Google LLC today introduced a new version of its open-source Skaffold code deployment tool, which makes it easier for companies to build software container applications.
Deploying a new container application and releasing updates to existing workloads can require a significant amount of time. Skaffold, which Google originally released in 2019, reduces the amount of time necessary for the task to as little as a few seconds. The result is that software projects can be completed faster.
Skaffold V2, the latest version of the tool that Google debuted today, promises to further streamline developers’ work with a set of new automation features. Each feature focuses on easing a different aspect of the software development process.
According to Google, the first new feature will help address processor-related software development challenges.
In some cases, the computers on which a company’s developers write code and the servers powering the company’s application environment use different processors. That can present technical challenges, according to Google. Code produced on a developer computer with an Intel Corp. chip can only run on a server with an Arm Ltd. chip if certain software customizations are made.
The new release of Skaffold automates the task. Before releasing new code to production, developers package the code into software containers using a program known as a build tool. Skaffold can configure the settings of the build tool in a way that avoids processor-related software compatibility issues.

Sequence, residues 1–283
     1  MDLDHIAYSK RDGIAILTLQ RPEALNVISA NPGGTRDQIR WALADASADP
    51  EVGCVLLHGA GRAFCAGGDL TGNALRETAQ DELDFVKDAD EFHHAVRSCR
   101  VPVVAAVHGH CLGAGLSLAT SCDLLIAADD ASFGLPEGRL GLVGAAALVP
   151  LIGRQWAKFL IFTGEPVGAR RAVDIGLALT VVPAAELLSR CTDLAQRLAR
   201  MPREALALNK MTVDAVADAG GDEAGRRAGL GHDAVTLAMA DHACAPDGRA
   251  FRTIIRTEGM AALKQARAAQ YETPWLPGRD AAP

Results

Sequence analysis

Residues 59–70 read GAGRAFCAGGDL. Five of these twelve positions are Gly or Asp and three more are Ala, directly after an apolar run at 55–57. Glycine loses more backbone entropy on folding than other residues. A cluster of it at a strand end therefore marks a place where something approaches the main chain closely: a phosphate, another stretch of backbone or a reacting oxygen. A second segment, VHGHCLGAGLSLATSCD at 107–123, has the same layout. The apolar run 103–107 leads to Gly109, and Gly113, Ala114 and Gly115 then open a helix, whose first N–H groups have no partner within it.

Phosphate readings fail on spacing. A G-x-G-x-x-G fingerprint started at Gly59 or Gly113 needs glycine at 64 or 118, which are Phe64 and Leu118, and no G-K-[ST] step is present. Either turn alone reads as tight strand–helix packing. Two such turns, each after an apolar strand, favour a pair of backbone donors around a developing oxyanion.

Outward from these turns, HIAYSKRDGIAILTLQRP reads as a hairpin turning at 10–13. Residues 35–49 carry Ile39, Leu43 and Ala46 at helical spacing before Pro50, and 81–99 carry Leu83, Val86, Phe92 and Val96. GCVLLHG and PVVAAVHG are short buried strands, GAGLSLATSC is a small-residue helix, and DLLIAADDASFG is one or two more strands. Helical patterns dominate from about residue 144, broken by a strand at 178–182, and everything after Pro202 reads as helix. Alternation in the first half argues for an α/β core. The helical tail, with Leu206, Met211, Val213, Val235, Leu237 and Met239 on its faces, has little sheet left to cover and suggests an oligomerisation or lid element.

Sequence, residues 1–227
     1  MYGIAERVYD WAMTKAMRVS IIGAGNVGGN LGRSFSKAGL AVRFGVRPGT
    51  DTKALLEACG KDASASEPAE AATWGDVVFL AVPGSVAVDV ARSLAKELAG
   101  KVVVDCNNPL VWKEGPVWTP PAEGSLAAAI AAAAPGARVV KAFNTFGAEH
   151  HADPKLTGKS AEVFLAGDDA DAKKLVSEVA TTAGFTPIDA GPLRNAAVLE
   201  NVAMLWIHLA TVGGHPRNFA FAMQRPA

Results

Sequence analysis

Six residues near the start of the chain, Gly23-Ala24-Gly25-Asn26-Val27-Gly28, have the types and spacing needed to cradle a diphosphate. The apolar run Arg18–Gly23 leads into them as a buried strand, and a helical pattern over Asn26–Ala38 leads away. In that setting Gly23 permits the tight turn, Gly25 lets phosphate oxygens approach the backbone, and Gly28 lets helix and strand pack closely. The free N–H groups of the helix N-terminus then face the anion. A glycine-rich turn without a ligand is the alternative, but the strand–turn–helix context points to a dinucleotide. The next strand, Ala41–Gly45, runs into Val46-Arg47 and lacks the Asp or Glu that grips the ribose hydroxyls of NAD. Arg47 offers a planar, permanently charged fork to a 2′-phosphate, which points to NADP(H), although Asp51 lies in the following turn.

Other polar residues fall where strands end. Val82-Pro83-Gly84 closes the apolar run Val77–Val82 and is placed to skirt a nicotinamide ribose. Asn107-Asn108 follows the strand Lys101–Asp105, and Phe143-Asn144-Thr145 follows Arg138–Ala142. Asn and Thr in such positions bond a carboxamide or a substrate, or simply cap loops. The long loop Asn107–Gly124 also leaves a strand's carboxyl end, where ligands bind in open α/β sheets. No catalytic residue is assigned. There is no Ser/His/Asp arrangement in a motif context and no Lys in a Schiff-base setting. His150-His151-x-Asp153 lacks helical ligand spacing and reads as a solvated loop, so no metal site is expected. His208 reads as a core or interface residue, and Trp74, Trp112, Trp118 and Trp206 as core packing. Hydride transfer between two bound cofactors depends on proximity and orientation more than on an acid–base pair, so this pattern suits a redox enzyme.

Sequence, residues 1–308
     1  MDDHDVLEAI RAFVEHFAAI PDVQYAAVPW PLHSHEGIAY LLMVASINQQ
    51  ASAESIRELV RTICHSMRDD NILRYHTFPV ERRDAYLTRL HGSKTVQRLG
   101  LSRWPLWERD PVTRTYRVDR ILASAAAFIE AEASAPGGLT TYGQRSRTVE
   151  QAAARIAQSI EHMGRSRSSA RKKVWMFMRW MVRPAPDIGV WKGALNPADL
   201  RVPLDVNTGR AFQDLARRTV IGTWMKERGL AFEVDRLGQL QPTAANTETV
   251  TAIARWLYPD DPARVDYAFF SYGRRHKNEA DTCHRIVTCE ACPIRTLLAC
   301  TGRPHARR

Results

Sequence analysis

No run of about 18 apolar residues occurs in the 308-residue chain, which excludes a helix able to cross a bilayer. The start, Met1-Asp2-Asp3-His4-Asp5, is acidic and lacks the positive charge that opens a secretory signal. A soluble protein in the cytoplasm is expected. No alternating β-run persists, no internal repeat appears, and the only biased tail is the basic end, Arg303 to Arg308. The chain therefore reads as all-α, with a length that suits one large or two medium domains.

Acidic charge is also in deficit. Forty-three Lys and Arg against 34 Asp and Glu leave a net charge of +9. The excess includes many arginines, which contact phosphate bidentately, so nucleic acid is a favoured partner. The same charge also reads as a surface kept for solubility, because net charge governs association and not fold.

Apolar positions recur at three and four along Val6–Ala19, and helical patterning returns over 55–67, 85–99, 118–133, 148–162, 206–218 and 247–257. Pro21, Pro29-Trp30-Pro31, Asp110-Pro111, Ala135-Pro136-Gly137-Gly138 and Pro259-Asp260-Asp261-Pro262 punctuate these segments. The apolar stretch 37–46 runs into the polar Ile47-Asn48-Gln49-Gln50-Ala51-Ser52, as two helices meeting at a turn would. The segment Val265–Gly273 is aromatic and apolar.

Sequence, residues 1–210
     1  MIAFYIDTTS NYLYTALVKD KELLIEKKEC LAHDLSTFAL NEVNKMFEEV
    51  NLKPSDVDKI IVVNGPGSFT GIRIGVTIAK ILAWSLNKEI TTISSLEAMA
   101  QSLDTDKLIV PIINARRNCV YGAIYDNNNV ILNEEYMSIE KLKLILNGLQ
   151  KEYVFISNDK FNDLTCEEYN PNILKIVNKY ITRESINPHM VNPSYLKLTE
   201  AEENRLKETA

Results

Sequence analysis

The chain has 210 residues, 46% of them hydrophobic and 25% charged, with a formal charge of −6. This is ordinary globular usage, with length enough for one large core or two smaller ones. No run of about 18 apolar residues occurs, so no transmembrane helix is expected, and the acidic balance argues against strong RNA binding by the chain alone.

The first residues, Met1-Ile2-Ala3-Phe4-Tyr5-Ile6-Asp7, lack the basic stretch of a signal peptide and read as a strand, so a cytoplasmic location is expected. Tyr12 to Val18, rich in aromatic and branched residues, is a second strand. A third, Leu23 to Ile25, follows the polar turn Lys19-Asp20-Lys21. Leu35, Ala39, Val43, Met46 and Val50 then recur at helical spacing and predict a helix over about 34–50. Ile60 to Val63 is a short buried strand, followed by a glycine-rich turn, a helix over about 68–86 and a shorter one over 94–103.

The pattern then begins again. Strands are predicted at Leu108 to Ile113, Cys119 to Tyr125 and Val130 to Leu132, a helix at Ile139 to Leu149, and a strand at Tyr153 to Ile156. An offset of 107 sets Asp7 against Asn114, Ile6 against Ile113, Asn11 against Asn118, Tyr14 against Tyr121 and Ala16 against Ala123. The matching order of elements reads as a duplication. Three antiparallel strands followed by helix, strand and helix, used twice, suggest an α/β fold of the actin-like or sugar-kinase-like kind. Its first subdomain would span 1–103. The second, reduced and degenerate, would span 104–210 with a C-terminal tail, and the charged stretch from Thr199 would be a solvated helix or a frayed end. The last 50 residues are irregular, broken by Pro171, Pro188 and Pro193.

“Skaffold now intelligently checks the architecture of your local machine as well as the target Kubernetes cluster before building your images, allowing you to deploy to ARM, x86 or multi-arch clusters from a x86 or ARM machine without any manual configuration,” Google software engineer Maggie Neterval and product manager Russell Wolf detailed in a blog post.
Another automation feature included in the new version of Skaffold will make it easier for software teams to detect potential code errors. According to Google, Skaffold can deploy new code in a set of test containers and check for malfunctions. The feature is designed to reduce the amount of work involved in checking the reliability of a software update before it’s released to a production container environment.
Developers mainly use Skaffold to release code to container environments powered by Kubernetes. As part of the task, developers must create configuration files that define how Kubernetes should run their newly released code. The latest version of Skaffold promises to ease the task by providing an integration with kpt, a popular open-source tool that automates some of the tasks involved in creating Kubernetes configuration files.
Besides Kubernetes, Skaffold can now also be used to deploy code to Google Cloud’s Cloud Run service. Cloud Run provides a managed environment for running container applications. The service enables software teams to deploy container applications in the cloud without managing the underlying infrastructure.
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